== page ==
Initially the weather for Saturday wasn't looking so hot; too windy from the north. But the forecast changed to south locally (good) and lighter (also good). So Jonas Buchli picked us up for the ride to the Andy Jackson Airpark and Marshall in San Bernardino.
Arrived in the LZ and then up to launch with Arnie (local pilot), where it was definitely on and strong on launch at 4000'. Apparently Marshall is usually a blue thermal site, usually not any clouds, but today there were plenty of clouds and a pretty high cloudbase.
Launched and easy to get up, and once the 4 of us were established we decided to head south towards the dam and Mt. Gregornio (the highest point in SoCal, currently with snow on the peak), about 17 km away. Initially cloudbase was about 4500', but the further south we flew, and the further back we got, the higher cloudbase got. To get to the dam there are several canyons to cross (with big freeways going through them), and lots of spines to fly over (similar to all the spines in the Owen's Valley). Fortunately there was plenty of lift and lots of clouds to fly in order to get over these canyons with little drama.
Part-way along Alex got low and didn't connect with a necessary climb, and rather than land out and face a multiple hour hike back to the LZ, he opted to side-hill land one of the spines (X-Alps style), hike up to a higher spot, and relaunch. Meanwhile the rest of us had continued to the last peak before you get to Mt. Gregornio, and pretty much the place you have to turn around at if you want to make it back (it's committing continue to Mt. Gregornio, and unlikely for PG pilots to make it back as it's set far back with low-angle spines at the foothills). I got my highest of the day at the turn-around spot and got to 6300'.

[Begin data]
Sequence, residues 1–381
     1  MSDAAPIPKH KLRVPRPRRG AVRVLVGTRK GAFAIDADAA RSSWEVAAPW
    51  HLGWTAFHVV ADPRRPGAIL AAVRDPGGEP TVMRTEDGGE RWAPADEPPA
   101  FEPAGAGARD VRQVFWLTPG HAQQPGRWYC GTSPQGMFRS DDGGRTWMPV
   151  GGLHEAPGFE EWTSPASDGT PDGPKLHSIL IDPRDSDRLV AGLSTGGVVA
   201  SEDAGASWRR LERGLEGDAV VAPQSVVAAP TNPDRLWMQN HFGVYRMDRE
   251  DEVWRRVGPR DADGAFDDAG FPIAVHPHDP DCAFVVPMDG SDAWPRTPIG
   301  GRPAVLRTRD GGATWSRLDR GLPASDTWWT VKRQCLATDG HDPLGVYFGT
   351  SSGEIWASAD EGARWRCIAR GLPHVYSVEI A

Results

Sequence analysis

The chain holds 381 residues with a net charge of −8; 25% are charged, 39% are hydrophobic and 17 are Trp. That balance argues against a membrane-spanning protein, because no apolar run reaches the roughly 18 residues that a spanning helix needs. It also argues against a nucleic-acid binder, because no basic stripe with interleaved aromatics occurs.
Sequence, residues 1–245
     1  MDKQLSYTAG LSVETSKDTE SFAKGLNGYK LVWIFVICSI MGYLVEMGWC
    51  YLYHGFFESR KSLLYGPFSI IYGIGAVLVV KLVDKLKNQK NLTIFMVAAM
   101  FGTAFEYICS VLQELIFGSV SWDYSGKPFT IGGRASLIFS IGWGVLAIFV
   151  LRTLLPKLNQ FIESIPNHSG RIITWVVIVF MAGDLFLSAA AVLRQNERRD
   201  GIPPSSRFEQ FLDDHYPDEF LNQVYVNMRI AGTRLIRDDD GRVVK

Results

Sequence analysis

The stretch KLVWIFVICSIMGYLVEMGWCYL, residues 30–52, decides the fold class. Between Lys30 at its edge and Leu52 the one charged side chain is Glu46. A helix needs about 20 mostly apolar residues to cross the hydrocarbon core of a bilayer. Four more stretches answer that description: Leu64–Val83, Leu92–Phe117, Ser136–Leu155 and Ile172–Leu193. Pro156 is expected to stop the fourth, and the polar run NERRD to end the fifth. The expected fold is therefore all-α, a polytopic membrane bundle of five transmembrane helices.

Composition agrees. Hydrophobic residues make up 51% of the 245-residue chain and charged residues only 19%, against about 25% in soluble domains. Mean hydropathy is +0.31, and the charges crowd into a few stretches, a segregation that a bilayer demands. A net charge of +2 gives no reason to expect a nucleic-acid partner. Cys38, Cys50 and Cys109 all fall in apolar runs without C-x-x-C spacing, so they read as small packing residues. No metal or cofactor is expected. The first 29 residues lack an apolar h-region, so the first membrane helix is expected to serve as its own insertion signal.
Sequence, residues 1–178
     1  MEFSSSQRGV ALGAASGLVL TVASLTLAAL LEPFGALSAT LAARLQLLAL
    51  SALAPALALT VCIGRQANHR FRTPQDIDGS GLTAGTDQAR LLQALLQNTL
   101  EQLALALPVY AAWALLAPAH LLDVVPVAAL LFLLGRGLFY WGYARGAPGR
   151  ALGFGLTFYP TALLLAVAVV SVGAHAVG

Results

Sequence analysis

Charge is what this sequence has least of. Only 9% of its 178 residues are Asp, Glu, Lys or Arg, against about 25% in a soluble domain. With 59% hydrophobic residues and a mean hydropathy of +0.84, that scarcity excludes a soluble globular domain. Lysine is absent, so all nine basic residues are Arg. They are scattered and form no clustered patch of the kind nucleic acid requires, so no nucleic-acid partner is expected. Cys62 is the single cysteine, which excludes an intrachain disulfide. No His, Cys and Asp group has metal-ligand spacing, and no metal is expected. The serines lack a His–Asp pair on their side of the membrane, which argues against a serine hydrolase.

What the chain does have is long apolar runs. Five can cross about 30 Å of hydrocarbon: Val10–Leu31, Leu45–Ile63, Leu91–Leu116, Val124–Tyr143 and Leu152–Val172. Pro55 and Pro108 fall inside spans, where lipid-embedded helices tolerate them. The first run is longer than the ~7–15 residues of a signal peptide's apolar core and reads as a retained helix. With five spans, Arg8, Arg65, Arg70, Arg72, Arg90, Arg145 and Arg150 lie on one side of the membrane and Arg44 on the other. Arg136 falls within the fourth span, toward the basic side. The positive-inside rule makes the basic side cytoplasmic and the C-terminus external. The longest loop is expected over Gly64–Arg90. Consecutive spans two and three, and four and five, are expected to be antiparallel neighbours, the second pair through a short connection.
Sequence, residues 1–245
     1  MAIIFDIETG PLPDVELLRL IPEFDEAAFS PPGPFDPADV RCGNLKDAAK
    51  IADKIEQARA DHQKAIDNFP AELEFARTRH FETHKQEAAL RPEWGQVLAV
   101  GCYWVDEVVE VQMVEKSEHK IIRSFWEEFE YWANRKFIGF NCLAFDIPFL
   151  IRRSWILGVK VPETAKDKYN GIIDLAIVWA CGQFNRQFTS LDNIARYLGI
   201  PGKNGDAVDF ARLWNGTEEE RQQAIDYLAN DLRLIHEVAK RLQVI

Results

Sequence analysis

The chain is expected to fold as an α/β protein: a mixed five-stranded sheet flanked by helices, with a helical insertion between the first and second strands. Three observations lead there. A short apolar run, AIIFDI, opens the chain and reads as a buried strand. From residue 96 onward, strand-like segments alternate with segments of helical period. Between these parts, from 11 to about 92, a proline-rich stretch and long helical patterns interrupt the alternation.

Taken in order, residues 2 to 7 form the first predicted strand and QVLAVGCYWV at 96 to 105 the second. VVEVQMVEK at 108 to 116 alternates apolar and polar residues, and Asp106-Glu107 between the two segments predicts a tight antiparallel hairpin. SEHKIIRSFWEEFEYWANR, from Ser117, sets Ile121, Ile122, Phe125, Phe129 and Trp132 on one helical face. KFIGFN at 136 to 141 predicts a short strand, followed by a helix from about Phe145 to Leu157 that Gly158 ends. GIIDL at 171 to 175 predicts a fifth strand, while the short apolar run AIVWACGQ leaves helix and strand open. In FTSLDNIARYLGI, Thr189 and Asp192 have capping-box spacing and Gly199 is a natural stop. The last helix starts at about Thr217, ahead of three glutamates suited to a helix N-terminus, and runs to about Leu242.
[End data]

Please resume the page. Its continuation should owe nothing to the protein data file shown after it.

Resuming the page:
I hadn't really planned on doing a big XC, and hadn't done my usual diaperizing. At this point I was really feeling the need to go, and it was starting to overpower my desire to make it back to the LZ. So I bit the bullet and headed out to land tout-suite.
After packing up near the water treatment plant I had landed next to, I looked for a way out. Most of the area was was gated and fenced with coiled barbed wire, but I found a way out via a nearby backyard, after asking the owner if it was OK for me to scale his fence.
Met up with Arnie who had landed about a mile away, and then Jonas came to get us. He had made it back to the LZ, and Alex (who had relaunched) also made it back and top-landed to drive down the other vehicle. Meanwhile in the LZ it was super-busy with a lot of hang gliders landing and the occasional PG pilot. Nobody else went XC from Marshall today, while we managed to fly 20-30 km. Tracklog is here.